Egg Dyeing Tips

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Provided by Sandi Clark, Pampered Chef Consultant

Hard-Boiled Eggs

Place 12 large eggs in 8-qt. stockpot; add enough cold water to cover the eggs about 1 inch. Quickly bring water just to a boil. Remove the pot from the heat. Let eggs stand, covered, for 20 minutes.
Immediately run cold water over the eggs or place them in ice water until they’re completely cooled. This prevents that ugly greenish ring from forming on your eggs. Eggs-traordinary!

Egg Dyeing: Classic Solid Colors

Prepare egg dye in six 1-cup Prep Bowls following the directions on your Easter egg color kit (typically one tablet in each bowl) or on the food coloring package. Using a slotted spoon or the Mix ‘N Chunk, lower one hard-boiled egg into the dye of your choice, rolling the egg around in the bowl. Remove the egg and let it dry.
Egg-cellent tip: Line a rimmed Sheet Pan with a few layers of paper towels for drying the dyed eggs. This gives the eggs a flat drying surface, and they won’t roll way.

Egg Dyeing: Tie-Dye Eggs

Dye hard-boiled eggs as described for the classic solid colors. Let your eggs dry completely. Then gently stir in ¼ tsp of vegetable oil (if you’re using a kit) or ½ tsp of vegetable oil (if you’re using food coloring) into the remaining dye in your bowls. Immediately dip the egg into the oil mixture to coat. Remove the egg and let it dry completely.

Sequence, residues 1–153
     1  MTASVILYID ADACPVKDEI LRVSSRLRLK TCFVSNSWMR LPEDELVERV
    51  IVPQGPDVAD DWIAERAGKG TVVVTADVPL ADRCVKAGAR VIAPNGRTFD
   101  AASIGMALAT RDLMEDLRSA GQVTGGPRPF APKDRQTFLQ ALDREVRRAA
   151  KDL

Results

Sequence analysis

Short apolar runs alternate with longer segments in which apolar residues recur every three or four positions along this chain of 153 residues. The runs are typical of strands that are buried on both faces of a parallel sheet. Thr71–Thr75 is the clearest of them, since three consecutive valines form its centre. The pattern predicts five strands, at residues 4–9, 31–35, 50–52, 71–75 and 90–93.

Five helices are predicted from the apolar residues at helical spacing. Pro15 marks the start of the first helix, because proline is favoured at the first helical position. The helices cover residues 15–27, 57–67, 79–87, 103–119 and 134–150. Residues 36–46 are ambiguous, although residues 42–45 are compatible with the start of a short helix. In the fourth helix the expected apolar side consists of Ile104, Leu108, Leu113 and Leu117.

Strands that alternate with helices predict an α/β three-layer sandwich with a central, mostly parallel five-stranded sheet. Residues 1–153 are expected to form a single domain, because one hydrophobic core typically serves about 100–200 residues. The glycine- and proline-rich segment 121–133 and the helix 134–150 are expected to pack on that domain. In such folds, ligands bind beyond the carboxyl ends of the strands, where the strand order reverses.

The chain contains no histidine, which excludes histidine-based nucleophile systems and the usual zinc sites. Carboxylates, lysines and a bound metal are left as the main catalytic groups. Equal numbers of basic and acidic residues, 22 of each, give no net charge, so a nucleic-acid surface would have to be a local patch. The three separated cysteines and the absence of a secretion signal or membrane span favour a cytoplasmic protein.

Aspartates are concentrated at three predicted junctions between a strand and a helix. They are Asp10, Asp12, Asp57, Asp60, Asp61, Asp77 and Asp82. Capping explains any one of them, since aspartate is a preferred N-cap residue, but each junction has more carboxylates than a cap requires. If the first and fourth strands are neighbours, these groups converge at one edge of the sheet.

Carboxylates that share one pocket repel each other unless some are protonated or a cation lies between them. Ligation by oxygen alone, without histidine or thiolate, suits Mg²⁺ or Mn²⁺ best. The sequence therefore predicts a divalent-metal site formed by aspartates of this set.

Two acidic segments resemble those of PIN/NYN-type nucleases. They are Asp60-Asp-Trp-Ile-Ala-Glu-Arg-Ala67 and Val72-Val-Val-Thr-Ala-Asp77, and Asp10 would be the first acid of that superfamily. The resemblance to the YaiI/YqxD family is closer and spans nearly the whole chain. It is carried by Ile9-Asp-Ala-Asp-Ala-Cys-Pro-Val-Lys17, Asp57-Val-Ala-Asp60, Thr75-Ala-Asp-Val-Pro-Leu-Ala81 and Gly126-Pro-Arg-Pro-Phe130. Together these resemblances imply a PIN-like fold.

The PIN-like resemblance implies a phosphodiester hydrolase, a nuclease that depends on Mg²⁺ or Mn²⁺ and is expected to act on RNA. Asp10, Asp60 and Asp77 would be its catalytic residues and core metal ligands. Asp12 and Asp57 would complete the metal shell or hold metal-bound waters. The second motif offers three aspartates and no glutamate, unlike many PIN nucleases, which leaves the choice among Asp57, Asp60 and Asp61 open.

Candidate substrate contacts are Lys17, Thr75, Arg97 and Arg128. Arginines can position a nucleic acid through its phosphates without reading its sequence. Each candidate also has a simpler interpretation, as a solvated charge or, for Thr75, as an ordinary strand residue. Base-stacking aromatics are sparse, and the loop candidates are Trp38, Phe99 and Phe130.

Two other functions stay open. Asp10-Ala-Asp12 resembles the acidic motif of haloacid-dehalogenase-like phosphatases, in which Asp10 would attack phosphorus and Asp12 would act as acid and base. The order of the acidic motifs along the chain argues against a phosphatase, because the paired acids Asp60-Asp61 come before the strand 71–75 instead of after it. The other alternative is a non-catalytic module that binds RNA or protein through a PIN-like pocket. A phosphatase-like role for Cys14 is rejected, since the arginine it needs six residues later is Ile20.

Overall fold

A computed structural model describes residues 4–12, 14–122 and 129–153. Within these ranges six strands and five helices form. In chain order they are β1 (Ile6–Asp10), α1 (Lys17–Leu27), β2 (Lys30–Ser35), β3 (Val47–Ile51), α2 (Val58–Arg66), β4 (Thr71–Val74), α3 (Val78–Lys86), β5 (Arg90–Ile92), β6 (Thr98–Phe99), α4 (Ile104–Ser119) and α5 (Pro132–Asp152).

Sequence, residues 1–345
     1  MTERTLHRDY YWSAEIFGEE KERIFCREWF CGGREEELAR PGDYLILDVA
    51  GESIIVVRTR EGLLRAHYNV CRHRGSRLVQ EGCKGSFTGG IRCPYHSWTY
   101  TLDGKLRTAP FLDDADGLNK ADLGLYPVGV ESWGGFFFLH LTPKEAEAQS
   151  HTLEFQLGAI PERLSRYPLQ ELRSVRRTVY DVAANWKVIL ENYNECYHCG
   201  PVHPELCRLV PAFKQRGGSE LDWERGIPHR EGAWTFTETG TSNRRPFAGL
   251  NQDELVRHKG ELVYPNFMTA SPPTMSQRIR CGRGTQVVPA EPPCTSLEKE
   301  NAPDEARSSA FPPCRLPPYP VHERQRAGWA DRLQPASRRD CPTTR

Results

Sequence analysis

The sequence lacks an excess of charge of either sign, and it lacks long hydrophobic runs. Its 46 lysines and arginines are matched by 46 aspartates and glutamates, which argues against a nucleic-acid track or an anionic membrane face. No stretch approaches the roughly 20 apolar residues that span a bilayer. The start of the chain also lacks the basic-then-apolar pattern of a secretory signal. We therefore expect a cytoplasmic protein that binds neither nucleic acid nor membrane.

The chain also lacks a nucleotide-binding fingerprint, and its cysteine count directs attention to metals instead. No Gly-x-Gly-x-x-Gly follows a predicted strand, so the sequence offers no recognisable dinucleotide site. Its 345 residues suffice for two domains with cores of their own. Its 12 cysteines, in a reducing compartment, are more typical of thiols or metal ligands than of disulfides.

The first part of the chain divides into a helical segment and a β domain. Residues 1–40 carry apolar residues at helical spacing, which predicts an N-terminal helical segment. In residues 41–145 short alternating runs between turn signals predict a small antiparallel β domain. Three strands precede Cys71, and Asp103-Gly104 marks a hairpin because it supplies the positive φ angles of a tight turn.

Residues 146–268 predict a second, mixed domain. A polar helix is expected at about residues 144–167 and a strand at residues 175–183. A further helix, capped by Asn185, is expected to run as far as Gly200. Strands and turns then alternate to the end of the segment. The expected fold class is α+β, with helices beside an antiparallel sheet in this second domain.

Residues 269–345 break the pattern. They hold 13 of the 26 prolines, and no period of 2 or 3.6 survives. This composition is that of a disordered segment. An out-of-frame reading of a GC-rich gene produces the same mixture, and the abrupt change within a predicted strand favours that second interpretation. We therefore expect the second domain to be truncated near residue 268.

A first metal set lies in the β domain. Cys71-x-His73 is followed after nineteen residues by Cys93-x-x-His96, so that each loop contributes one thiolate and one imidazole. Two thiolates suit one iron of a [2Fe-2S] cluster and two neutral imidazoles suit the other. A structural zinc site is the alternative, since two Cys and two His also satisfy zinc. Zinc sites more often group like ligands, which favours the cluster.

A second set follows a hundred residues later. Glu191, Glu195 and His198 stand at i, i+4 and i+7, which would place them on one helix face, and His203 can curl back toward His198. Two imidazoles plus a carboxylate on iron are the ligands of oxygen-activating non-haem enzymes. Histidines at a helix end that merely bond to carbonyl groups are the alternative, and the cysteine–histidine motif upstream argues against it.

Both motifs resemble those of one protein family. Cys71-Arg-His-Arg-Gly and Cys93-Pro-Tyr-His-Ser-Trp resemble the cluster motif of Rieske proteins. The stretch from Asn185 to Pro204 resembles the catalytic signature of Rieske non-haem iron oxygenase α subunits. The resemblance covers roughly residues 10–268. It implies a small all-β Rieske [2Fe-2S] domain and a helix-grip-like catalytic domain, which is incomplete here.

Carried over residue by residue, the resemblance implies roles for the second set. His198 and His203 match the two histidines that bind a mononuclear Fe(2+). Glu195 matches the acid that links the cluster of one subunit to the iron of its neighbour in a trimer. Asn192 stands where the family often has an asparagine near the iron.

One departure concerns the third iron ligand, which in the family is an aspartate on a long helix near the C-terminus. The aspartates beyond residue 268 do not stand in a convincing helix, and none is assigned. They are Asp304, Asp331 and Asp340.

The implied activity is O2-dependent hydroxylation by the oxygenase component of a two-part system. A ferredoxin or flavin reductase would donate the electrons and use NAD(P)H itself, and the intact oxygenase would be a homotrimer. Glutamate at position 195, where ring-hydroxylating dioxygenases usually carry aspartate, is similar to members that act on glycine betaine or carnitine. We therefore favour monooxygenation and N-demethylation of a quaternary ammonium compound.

How to Easily Peel Eggs

Nothing is more frustrating than picking tiny bits of shell off your beautiful hard-boiled eggs. There are lots of methods out there, but here’s what we’ve found in the Pampered Chef test kitchens that works the best. The results are egg-ceptional.
  1. Start with eggs that are 7–10 days old for the best results.
  2. Keep your eggs cold once they’ve finished cooking.
  3. Gently tap the egg on the countertop until the shell is finely cracked all over.
  4. Roll the egg between your hands to loosen the shell.
  5. Hold the egg under cold running water to help ease off the shell.
  6. Start peeling at the larger end of the egg.

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